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Steve Chiotakis: Transportation Secretary Ray LaHood says federal safety officials had to point out to Toyota the seriousness of its gas pedal issue. That included a visit to the automaker’s offices in Japan. Marketplace’s John Dimsdale now on how government regulators are considering ways to get tougher on car safety.
John Dimsdale: Ten years ago, Congress granted the National Highway Traffic Safety Commission the authority to require car and tire makers to disclose customer safety complaints. That gave government regulators an early warning of potential problems.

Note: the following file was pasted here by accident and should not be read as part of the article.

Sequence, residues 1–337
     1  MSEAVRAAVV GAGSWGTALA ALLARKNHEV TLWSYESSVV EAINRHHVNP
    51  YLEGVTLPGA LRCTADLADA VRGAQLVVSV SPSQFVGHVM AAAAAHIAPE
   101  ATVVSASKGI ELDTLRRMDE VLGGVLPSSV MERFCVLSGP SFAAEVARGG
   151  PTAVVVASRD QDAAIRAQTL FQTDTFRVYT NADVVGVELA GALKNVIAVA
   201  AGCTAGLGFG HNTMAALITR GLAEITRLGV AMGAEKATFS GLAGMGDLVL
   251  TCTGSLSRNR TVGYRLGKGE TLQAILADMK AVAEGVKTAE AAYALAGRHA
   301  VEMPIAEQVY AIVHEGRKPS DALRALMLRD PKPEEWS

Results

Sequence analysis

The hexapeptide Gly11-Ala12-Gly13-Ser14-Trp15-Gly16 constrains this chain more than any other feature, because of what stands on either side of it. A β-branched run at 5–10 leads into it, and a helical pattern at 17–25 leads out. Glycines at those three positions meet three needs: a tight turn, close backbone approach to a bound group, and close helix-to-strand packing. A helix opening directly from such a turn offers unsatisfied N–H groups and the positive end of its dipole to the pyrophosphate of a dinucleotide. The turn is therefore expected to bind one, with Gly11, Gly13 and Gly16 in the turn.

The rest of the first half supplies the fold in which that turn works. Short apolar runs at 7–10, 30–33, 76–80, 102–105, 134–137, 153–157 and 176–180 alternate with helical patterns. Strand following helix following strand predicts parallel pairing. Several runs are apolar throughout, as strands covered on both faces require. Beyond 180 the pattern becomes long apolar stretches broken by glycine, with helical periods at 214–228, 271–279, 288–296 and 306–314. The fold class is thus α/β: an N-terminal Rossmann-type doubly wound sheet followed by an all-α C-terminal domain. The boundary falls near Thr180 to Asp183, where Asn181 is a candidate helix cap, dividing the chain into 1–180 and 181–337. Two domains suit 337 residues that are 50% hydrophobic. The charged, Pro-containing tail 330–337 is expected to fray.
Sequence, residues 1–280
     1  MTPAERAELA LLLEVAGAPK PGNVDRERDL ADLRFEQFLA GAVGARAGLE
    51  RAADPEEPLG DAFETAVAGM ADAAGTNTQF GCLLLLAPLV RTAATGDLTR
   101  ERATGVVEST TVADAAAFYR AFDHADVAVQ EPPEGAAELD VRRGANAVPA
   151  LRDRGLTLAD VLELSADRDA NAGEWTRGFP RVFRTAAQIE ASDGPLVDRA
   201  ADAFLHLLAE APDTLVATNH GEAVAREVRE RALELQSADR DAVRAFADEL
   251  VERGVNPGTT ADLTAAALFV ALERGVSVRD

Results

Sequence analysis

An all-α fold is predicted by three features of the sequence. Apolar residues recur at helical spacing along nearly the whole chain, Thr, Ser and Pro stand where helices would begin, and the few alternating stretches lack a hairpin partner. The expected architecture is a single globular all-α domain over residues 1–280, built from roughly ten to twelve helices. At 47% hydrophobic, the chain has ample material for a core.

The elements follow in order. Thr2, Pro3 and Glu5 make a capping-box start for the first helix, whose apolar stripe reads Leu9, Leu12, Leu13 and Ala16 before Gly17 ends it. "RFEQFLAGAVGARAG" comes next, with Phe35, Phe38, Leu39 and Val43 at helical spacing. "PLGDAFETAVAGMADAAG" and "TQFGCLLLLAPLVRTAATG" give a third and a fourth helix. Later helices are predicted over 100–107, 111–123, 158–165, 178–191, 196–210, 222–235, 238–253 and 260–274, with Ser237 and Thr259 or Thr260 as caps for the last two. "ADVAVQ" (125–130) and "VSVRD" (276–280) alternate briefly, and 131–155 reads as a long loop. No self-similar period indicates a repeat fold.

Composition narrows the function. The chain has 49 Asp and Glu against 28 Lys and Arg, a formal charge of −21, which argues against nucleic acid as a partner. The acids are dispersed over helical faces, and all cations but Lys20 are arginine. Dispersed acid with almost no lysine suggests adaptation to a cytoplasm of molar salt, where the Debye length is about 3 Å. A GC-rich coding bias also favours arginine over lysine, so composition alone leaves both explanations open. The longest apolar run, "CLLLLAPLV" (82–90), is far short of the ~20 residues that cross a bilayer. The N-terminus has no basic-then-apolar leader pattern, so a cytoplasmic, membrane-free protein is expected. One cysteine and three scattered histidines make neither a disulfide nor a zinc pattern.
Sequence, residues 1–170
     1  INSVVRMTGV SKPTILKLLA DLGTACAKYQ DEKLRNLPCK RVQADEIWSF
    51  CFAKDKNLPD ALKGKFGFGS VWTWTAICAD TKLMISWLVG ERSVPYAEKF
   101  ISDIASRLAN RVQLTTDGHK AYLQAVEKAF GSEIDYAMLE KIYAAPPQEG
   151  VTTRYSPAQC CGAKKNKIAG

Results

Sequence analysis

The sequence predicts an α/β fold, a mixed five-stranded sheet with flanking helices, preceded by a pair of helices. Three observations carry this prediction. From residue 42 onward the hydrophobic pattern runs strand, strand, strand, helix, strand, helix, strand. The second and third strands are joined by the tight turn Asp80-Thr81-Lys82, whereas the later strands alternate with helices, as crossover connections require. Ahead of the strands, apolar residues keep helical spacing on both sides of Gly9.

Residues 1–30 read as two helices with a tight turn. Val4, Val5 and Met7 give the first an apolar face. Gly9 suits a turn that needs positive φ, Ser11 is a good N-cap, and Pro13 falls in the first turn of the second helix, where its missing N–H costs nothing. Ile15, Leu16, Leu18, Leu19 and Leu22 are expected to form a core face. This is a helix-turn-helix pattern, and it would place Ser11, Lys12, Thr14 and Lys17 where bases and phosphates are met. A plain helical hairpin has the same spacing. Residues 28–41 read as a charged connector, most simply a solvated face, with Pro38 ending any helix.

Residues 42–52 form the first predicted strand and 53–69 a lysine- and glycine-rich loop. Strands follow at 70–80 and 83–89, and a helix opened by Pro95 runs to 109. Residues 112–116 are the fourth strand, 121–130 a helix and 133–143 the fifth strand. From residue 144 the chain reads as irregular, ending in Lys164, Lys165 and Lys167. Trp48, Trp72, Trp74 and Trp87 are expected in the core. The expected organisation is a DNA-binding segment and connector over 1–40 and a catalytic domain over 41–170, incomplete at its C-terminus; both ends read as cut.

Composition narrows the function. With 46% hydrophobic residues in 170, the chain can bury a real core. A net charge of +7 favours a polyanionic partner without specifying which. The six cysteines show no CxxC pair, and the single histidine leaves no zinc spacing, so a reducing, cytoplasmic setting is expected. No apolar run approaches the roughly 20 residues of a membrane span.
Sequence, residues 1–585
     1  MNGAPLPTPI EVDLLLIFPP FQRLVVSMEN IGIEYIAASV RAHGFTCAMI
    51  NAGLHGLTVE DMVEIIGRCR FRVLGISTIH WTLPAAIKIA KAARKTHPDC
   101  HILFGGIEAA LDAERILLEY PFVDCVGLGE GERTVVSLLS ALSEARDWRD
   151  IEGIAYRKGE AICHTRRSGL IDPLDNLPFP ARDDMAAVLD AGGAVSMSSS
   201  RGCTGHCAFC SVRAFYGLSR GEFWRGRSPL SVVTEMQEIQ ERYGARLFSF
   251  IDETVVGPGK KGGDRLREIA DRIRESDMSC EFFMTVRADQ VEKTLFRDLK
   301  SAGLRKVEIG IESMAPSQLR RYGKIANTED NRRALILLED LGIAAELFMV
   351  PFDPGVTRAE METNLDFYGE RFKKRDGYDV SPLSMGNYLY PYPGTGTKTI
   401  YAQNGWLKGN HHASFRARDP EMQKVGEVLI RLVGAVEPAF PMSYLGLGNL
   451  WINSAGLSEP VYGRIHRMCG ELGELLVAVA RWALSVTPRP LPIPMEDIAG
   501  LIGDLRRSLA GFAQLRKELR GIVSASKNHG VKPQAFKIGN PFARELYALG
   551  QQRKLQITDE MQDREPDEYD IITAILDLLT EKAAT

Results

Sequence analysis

But the commission’s former administrator, Joan Claybrook, says the agency dropped the ball:
Joan Claybrook: In recent years, it has let auto companies call the shots.
Toyota received its first complaint about a sticky accelerator pedal in 2007. The commission is considering penalizing Toyota for its slow reaction, but Claybrook says it won’t be enough.
Claybrook: Unfortunately, the maximum penalty is $15 million. And I’ve already been talking to people on Capitol Hill about having a significant increase, maybe to a hundred million dollars.
Claybrook expects the commission to more aggressively police auto safety in the wake of the Toyota case. The White House is requesting a 15 percent increase in staffing for the nation’s auto safety enforcer.
In Washington, I’m John Dimsdale for Marketplace.
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